I remember the specific moment I told myself that since I was taking the music thing seriously, I had to open up and listen to everything I could. The stuff I never thought I’d listen to. Even stuff I didn’t like or get. Whether it was John Coltrane’s A Love Supreme, One Direction’s Made in the AM and everything in between I was sitting down and listening. That idea I had for this different sound I wanted was all I thought about. It was all I felt when I listened to music. As a musician, as a songwriter, as a producer, I was searching. I looked everywhere. As a person, I think I was looking to. McCoy Tyner’s first few notes on John Coltrane’s A Love Supreme made me whip around when I heard it. I didn’t understand jack shit of what I was hearing, but I listened. Because in different music laid the answers I seeked, even if I didn't understand them yet.
Radiohead’s OK Computer finally clicked with me after years of Kid A being my preferred record. Being around other music where communication within ornate arrangements was key, the specificity of what Radiohead would achieve in their sound found a place in my rotation at the time. I sought out the more “intelligent” side of the rock music I loved in that period. Keeping up with current music at the time, Kendrick Lamar had released “To Pimp A Butterfly” which I was a big fan of. That was an album that had a hold on everyone when it came out. I admired the consciencous tone, the organic production values and how well the album flowed from front to back.
It was around this time my problems with the Rock genre became more apparent. In modern examples, starting around the mid 2000s, mechanized production values cast away a lot of the soul and character I heard in my favorite records. With that adjustment, the “verse chorus verse” tactic helmed by groups like The Beatles, refined through the 70s and 80s, revitalized in the 90s by the alt explosion and finally drilled into the grave by emo and post grunge in the 2000s, had become so head on within the 21st century it felt suffocating. As someone who loved the music, and could even pick smaller things I liked out of the phases I didn’t like, I was tired of hearing it do the same thing over and over again.
First and foremost, I wanted to avoid the verse-chorus-verse structure yet find structures that channeled the accessibility and rush that the form offers. I did love songs that did that, but for what I wanted it had to go. That was the first big swing at departing from what I had done before, and from my influences I had grown up studying. I also wanted to avoid common phrasing that I kept hearing and didn’t like. There are all these “micro-feelings”, mannerisms and gestures in how music moves that I would note to myself. In college, I was usually listening for what to avoid more than anything. The more I heard rock artists double down on bigger choruses and try to nod to a current mainstream trend, the more it catered to the issues they were probably trying to rectify from my perspective. Maybe they made something they loved, but I wasn’t hearing what I wanted out of it. I saw some of those problems in my own work and wanted to change that. The ideas of what to avoid were formulating, the first steps in seeking what it was that I really wanted.
My Freshman year of college I would describe as a “swamp”. Don’t ask me why that makes sense to me, it just does.
In my sophomore year, my practice led me to create a lot of instrumental demos. The second floor audio practice rooms of my campus’ Visual and Performing Arts Center (shortened to VPAC by most) were my favorite spots to practice. I worked in Logic mostly. Even though there are audio people that tell you Logic sucks and Pro Tools is the standard, I wanted an understanding of both. I’d experiment with guitar tones and record some band-formulated ideas. The instrumental ideas were where I felt most comfortable at the time. In those pieces I was more confident in moving away from conventional song structures. One demo I remember was called "Crowds of Crows", an arpeggiating piano tune that I fantasized a trumpet melody on top of. I was into layering soundscapes at the time, and a recording of rain and cars driving by that I made myself played behind the paino part. Those sessions were the beginning of what I implement now with my love for soundtrack music. Another demo, "The Thrill is Gone", was in a heavy 3/4 timing with heavy guitars that would blast in in the chorus. These sessions were dry, I still lacked the ability to thread the needles properly. It was just about swinging at that point.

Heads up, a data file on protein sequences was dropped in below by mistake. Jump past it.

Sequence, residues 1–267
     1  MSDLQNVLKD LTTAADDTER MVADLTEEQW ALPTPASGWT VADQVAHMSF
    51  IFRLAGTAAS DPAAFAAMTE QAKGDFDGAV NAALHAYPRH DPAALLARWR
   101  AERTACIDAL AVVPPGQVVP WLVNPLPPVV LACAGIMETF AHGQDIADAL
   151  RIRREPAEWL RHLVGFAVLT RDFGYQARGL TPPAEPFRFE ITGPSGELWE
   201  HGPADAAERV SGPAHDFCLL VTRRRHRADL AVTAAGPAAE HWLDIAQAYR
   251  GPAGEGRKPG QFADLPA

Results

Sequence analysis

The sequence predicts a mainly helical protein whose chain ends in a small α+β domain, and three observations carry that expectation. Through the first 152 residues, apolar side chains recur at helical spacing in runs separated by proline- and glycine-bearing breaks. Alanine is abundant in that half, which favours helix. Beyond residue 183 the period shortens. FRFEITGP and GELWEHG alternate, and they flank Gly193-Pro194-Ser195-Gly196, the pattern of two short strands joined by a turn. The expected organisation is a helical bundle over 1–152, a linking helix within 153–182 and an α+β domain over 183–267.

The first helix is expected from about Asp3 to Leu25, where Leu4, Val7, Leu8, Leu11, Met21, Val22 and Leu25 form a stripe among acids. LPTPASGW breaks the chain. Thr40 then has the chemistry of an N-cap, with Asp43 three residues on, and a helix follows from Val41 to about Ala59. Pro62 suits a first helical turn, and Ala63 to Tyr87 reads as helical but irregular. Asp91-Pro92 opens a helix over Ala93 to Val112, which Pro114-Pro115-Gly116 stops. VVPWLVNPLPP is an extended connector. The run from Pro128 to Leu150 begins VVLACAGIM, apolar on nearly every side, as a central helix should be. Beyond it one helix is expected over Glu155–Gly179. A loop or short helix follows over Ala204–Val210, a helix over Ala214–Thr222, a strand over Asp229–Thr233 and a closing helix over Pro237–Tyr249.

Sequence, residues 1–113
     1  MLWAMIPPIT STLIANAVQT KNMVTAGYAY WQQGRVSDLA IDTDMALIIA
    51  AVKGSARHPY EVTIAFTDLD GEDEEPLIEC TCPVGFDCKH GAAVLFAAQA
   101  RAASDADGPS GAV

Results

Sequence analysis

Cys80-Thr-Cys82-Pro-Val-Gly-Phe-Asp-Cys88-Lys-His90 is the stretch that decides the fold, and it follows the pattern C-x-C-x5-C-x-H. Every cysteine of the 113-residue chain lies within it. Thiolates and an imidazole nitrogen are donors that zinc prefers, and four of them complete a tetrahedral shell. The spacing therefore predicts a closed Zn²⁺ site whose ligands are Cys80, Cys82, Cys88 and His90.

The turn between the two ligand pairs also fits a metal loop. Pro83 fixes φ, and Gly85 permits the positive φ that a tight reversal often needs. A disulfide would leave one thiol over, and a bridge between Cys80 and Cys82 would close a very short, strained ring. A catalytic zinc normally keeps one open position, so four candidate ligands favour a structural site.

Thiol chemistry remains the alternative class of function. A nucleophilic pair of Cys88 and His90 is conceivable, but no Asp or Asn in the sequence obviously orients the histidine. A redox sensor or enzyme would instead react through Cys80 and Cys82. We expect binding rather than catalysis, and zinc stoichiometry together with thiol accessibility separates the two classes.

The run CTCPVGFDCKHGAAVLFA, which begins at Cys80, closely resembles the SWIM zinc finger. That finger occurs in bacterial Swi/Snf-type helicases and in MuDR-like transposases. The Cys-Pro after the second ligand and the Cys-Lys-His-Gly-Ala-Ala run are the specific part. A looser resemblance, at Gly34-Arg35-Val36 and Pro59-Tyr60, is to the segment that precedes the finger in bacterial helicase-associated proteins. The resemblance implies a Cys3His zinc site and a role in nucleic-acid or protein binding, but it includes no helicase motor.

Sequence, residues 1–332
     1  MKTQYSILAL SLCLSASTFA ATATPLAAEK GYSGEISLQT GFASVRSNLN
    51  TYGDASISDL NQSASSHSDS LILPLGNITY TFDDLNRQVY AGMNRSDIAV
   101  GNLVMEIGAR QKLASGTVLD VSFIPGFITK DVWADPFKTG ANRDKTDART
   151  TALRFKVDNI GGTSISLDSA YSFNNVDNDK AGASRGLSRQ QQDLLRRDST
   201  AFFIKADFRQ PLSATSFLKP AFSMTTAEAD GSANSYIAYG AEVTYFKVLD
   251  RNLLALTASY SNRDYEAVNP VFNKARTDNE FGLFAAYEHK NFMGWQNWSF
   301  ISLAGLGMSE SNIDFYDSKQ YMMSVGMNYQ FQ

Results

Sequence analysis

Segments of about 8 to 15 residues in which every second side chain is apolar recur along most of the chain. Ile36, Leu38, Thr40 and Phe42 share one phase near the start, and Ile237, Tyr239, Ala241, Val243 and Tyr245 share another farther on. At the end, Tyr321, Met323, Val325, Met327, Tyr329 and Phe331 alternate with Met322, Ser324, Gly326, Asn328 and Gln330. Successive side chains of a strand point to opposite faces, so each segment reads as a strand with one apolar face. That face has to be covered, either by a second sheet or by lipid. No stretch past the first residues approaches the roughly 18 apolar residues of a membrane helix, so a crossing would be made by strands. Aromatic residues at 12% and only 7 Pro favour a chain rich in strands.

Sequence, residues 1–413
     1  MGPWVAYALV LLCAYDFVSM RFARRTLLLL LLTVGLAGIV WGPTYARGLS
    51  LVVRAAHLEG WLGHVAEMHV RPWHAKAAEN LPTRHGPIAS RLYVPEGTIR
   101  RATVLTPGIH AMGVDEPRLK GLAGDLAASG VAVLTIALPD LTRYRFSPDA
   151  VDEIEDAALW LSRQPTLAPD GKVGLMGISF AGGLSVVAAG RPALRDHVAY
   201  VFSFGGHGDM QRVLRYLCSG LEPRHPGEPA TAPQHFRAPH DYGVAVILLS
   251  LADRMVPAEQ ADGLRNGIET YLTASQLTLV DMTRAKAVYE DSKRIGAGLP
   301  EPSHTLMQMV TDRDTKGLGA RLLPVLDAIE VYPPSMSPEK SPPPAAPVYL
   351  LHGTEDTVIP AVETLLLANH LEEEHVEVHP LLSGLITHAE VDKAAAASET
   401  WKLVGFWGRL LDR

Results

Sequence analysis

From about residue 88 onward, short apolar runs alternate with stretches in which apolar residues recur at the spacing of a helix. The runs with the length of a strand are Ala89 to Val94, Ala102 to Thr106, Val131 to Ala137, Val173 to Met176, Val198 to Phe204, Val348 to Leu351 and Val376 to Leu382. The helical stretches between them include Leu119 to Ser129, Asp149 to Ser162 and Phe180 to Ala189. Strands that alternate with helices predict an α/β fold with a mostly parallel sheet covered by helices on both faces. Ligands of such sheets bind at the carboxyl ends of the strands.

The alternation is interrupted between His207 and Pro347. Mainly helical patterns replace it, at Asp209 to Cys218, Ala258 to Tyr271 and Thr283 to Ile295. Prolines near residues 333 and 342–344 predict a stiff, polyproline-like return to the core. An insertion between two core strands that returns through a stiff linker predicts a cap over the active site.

At the time I was living with random roommates. I just came out over that summer and was struggling mentally. The most notable artist I was getting into at the time was Soundgarden, and by extension anything Chris Cornell was involved in. I remember hearing “The Day I Tried To Live” one day and it hit me especially hard. When I came out, I felt very alone and out of place. I had some very challenging conversations with people. I lost myself in that a bit. Hearing Chris’ voice, I didn’t want to be him, I wanted to be me. I would sort of get a grip on my character listening to the music he was in. He had soul that was genuine. He had an earnest character to him that felt so strong yet so fluid. He was masculine but never felt macho, his persona was so dynamic in the music. He was like a weeping angel over these atomic backdrops. His music kept me together as I was beginning to traverse a mindless chapter in my life. Soundgarden’s Superunknown is the pinnacle of 90s rock. And Chris’ 1999 solo record Euphoria Mourning is also phenomenal. There was a technicality to his work that elevated the music above other stuff from that era. When I learned that he had taken his own life around that time, my heart shattered. I felt like I had lost a friend that helped me through a hard time. Nowadays, I find it a bit hard to listen to him without being reminded of where I was back in those college years. But I still love Soundgarden and the music he made. I will always be grateful for Chris Cornell’s work and the way it impacted me. Many people have told me my music is reminiscent of his and I don’t hear it at all. Though I respect his and Soundgarden's musicality, I actually wouldn’t cite him as a musical influence. I think I occupy a very different space in music than he did. His work was something that had more of a personal impact on me in a unique way.